Since the launch of the 737 Next Generation (NG) and the A320ceo family, the preference in the narrowbody market has shifted and resulted in the changes culminating in the MAX and neo family of aircraft. The most distinctive shifts we have observed are the general upgauging of the aircraft and a greater sensitivity to fuel prices. The upgauging of aircraft has resulted in every version of the MAX being built larger than its predecessor. Additionally, we see an upward shift in market share of the 200-240 seat aircraft in the narrowbody market. The A321neo has increased its market share to 28% from the 22% the A321ceo held in the ceo family and the MAX 9 and MAX 10 aircraft command 14% of total MAX orders compared to 8% the 737-900 and 900ER held with the NG family.

Order Book Review

Source: mba REDBOOK STAR Fleet November 2017,,

The Impact of Rapid Economic Growth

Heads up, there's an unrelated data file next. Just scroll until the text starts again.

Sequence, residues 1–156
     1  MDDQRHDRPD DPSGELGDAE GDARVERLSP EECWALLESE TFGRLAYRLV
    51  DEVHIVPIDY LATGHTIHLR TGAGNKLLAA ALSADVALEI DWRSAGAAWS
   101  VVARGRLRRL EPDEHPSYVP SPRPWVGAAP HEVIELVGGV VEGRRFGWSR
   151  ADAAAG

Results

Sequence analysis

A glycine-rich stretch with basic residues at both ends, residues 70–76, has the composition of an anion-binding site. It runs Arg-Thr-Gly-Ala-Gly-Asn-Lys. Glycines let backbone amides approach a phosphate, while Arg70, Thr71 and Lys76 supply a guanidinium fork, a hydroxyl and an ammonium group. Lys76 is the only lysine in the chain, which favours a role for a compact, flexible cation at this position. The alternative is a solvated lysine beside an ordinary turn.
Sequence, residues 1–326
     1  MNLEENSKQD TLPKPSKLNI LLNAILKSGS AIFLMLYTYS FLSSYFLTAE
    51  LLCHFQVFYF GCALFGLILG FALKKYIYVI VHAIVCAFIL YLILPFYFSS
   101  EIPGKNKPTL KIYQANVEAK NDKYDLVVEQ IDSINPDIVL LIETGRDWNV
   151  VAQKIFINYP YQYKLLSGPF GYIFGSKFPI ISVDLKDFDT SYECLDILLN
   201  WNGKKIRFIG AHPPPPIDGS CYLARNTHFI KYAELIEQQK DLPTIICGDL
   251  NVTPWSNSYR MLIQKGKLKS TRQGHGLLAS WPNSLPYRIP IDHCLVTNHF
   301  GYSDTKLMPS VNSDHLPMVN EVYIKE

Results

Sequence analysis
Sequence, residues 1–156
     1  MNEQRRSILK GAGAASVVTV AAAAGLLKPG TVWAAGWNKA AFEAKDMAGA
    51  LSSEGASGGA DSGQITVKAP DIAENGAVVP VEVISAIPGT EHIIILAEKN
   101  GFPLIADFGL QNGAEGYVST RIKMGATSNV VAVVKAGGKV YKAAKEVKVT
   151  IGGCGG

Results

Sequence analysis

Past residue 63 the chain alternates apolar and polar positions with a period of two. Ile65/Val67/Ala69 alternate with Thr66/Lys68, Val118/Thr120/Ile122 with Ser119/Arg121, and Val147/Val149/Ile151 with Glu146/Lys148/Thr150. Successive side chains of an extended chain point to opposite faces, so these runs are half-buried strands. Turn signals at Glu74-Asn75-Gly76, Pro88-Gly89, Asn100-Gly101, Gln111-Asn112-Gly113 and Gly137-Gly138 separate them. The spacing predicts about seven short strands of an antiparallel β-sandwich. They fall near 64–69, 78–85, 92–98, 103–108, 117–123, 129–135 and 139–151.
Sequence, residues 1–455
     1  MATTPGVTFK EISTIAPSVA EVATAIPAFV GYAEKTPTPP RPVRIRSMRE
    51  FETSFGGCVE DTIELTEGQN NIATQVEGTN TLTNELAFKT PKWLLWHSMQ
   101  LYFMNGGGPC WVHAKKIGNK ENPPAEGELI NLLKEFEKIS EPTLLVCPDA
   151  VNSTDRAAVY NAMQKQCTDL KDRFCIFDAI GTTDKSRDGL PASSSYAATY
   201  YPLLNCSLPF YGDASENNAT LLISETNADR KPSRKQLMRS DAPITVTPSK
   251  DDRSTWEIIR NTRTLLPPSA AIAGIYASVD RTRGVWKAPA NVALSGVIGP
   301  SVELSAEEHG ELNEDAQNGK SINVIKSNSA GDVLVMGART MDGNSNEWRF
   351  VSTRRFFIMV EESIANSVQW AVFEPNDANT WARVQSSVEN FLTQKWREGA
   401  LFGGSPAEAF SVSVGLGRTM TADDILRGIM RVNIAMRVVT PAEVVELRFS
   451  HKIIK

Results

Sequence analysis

A large part of this upgauging can be attributed to the rapid economic growth in Asia. IATA estimates that the region will grow 4.7% annually, with China set to become the world’s largest aviation market by 2024 and India displacing the UK as the third largest market in 2025. While the Asian carriers have been riding on the wave of economic growth in the region, the infrastructure has been struggling to cope with the surge in demand and is lagging behind the growth of the carriers it’s trying support. To overcome these infrastructure limitations, Asian carriers are relying on larger aircraft to fly higher-density routes. A great example of this is Vietnam Airlines which has seen strong growth over the last few years but has been limited by infrastructure growth in the region. The airline operates a modern mix fleet with the smallest aircraft outside of its turboprop fleet being the A321-200 with the intention to lease 18 A321neos from Air Lease Corp and Aviation Capital Group. With the MAX and neo, we see that Airbus has had greater success in Asia, with orders in Asia accounting for 46% of the neo backlog. Boeing has taken a more balanced approach with the bulk of its MAX orders concentrated in North America at 33% and Asia coming in a close second at 30%.